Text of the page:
Thanks largely to congressional intervention, someone who views, possesses, or shares child pornography can be sent to federal prison for two decades, while someone else who does the same thing might receive probation or a sentence of less than a year. That situation is hard to reconcile with anyone's idea of justice.
People who think the problem is that some offenders are getting off too lightly tend to believe that anyone who looks at child pornography is inclined to abuse children, so it is best to lock them up for as long as possible. But the USSC's recidivism data suggest that belief is mistaken.
The commission tracked 1,093 nonproduction child pornography offenders who were released from prison in 2005. Three years later, it found, 3.3 percent had been arrested for a "non-contact sex offense" (which would include possession of child pornography). But just 1.3 percent had been arrested for a "contact sex offense." Even allowing for crimes that were not reported, these finding suggests this category of sex offenders is far less dangerous than people commonly imagine.
Other studies likewise indicate, contrary to popular wisdom, that recidivism is not especially common among sex offenders, even when they have committed predatory crimes. A 2003 Bureau of Justice Statistics (BJS) study tracked 9,691 male sex offenders in 15 states who were released from prison in 1994, all of whom had been convicted of rape or sexual assault. It found that 5.3 percent were arrested for a new sex offense within three years.
Another study published the same year, based on a sample of 146,918 Illinois sex offenders who were originally arrested in 1990, generated similar results. Those arrestees included anyone who was required to register as a sex offender, so their crimes did not necessarily involve contact with a victim. Overall, 4.8 percent were arrested for a new sex offense within three years. The rate rose to 6.5 percent after five years. A 2013 study of New Jersey sex offenders found that less than 5 percent were convicted of a new sex offense during follow-up periods that averaged 6.5 years.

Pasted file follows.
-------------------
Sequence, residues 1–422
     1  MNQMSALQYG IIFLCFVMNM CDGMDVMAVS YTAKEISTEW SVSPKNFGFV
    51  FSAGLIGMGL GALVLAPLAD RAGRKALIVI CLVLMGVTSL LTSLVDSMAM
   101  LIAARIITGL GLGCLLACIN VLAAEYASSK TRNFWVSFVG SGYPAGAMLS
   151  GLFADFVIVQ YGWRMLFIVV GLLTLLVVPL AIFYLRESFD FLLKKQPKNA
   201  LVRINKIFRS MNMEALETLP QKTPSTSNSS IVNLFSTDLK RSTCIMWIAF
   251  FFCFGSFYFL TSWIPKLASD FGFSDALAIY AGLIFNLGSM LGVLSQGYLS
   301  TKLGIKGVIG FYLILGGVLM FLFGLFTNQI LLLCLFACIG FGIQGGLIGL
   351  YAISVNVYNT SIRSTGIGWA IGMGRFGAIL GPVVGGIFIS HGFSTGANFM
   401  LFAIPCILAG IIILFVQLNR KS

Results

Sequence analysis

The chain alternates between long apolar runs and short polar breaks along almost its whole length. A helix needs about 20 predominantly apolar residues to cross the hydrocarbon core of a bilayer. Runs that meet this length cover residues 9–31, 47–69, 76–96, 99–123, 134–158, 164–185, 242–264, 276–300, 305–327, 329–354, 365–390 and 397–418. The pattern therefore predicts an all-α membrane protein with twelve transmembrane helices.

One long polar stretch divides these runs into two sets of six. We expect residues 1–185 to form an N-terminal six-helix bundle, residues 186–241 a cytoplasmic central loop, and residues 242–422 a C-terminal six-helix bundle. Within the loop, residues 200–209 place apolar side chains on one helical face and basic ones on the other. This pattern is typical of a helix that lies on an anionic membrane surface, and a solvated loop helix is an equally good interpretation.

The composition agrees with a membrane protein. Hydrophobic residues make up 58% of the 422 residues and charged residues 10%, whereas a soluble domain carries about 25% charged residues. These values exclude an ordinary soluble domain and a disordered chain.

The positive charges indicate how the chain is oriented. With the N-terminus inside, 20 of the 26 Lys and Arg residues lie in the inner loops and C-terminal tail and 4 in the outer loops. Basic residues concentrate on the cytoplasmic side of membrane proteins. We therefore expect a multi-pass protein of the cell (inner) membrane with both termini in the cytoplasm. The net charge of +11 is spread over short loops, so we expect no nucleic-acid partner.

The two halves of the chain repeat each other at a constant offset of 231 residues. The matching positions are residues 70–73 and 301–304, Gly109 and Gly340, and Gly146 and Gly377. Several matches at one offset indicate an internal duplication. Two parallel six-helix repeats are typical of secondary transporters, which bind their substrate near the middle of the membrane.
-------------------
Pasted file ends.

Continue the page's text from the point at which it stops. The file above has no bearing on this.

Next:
By comparison, a 2018 BJS study found that the recidivism rate for state prisoners who were released in 2005 after serving time for various kinds of crimes—meaning the rate at which they were arrested for new offenses of the same type—was about 40 percent after three years and 49 percent after five years. Among violent offenders, the rates were 24.5 percent and 34 percent, respectively. For property offenders, they were about 45 percent and 55 percent, respectively.
A 2004 analysis looked at 4,724 sex offenders from 10 previous studies, all of whom had committed rape or incest. The five-year recidivism rate was 14 percent, rising to 20 percent after 10 years and 24 percent after 15 years.
The longest follow-up period in the BJS study of state prisoners was nine years, at which point 58 percent had been arrested for a new crime of the same type. The nine-year rate was about 43 percent for violent offenders and 64 percent for property offenders.
"As expected," the authors of the 2004 sex offender study reported, "those who have remained offence free in the community were at reduced risk for subsequent sexual recidivism. Whereas the average 10 year recidivism rate from time of release was 20%, the 10 year recidivism declined to 12% after five years offence-free and to 9% after 10 years offence-free." They also found that "offenders older than age 50 at release reoffend[ed] at half the rate" of younger offenders.
The researchers noted that their results "challenge some commonly held beliefs about sexual recidivism and have implications for policies designed to manage the risk posed by convicted sexual offenders." Such findings are clearly relevant, for example, in assessing the merits of state laws that require sex offenders to register for periods ranging from 10 years to life.
The premise of those publicly accessible databases—which invite ostracism, harassment, and violence while undermining rehabilitation by making it difficult to find housing and employment—is that all of these people pose a continuing threat. The evidence shows that assumption is faulty even when limited to people who have committed predatory crimes. It is especially erroneous when applied to nonviolent sex offenders.